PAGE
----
04-28-12: Rogers High graduate invents equipment to ease filmmaking
04-28-12: Rogers High graduate invents equipment to ease filmmaking

Kyle Hart’s quest to create durable yet affordable equipment to stabilize a camera during filmmaking has generated nearly $80,000 in sales from his first invention alone.

The 2006 Rogers High School graduate started making films a year ago and realized his footage was useless without a camera stabilizer — a unit that attaches to a camera to capture smooth, quality video even when the camera and camera operator are in motion.

With the use of a stabilizer, a filmmaker can ride a bike, ride a horse, or ride the rapids and still have steady video footage of the experience using something as large as a digital camera or as compact as an iPhone.

While there are a multitude of camera stabilizers on the market, the 24-year-old Puyallup resident said he was inspired to create one that was more affordable, quick to balance, and easy to pan and tilt.

“I realized I could make one that could sell for 30 to 50 percent less than most other brands,” said Hart, who graduated from Washington State University five years ago with a degree in business entrepreneurship.

Hart had already experimented a year earlier with friends in building an aluminum pole that could be attached to a camera used extensively by sports enthusiasts. The handmade pole extends the camera away from the body to provide unique film angles.

After sketching a design of his new handheld camera stabilizer on paper, Hart purchased items from the local hardware store and spent hours in his garage pounding aluminum into the desired shape and gluing the pieces together.

The stabilizer not only worked, he said, “it worked well.”

First invention

With encouragement from family and friends, Hart took the next step of creating a professional-looking prototype.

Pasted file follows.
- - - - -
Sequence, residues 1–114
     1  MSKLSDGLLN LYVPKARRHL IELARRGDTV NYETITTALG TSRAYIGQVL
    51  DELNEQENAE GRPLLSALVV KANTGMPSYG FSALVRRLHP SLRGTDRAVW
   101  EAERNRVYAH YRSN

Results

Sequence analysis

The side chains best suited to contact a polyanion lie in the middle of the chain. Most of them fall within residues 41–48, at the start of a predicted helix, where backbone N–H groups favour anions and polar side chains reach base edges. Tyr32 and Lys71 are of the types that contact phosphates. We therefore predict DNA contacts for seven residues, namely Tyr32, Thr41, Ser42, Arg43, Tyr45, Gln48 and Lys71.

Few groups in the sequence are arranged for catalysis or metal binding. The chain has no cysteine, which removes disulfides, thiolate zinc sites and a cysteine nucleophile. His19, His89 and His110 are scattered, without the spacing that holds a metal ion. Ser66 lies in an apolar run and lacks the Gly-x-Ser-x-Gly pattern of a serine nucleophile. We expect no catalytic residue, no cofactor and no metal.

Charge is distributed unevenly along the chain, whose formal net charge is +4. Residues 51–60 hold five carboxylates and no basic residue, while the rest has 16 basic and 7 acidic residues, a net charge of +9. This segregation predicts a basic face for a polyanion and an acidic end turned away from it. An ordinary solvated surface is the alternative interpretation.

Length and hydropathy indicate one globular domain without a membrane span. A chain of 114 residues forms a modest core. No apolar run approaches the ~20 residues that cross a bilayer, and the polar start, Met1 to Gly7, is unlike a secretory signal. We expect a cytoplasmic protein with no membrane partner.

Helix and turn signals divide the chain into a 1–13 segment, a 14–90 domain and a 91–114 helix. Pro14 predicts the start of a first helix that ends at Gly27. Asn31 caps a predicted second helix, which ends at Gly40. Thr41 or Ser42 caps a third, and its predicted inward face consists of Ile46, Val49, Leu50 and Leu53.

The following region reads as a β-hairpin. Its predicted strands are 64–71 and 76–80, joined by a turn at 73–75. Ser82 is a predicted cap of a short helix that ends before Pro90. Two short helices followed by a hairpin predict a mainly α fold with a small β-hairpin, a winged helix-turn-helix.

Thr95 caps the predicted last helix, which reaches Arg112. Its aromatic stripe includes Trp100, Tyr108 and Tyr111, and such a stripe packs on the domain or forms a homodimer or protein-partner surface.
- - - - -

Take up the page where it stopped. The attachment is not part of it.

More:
He taught himself how to use a computer-aided design (CAD) software program, which allowed him to create a three dimensional model of his invention on the computer. He took the drawings to a machine shop to make the parts.

After almost a year of designing, prototyping, and re-designing, Hart had completed work on the “EZ-Steady” — a lightweight hand-held stabilizer made with counter weights on the front and bottom to eliminate camera shake and give video footage a feeling of flying.

His next challenge was financing.

Hart created a video and posted images of the product on an online crowdfunding site called Kickstarter.

The Internet site allows inventors and other creators to generate financing for their ideas if they raise a minimum number of pledges in a specific time frame.

Hart offered pre-orders of the product at a reduced price. His goal was to get 25 people to pledge money for the product and raise $5,000 in start-up money.

After three days posted on the site, he had $16,000 of pre-orders, and by month’s end he had secured 300 pre-orders worth $79,642.

“It was crazy,” he said. “I had people all over the world asking for my product.”

Hart named his company “Rhino Camera Gear,” uses a rhino’s head as his branding image, and prides himself on manufacturing his parts in the United States, preferably in Washington state.

Asked about the significance of the rhino, he said, “My buddy and I were in the coffee shop trying to come up with a brand. We wanted the name to reflect the products — tough, durable, and American-made. The rhino is tough.”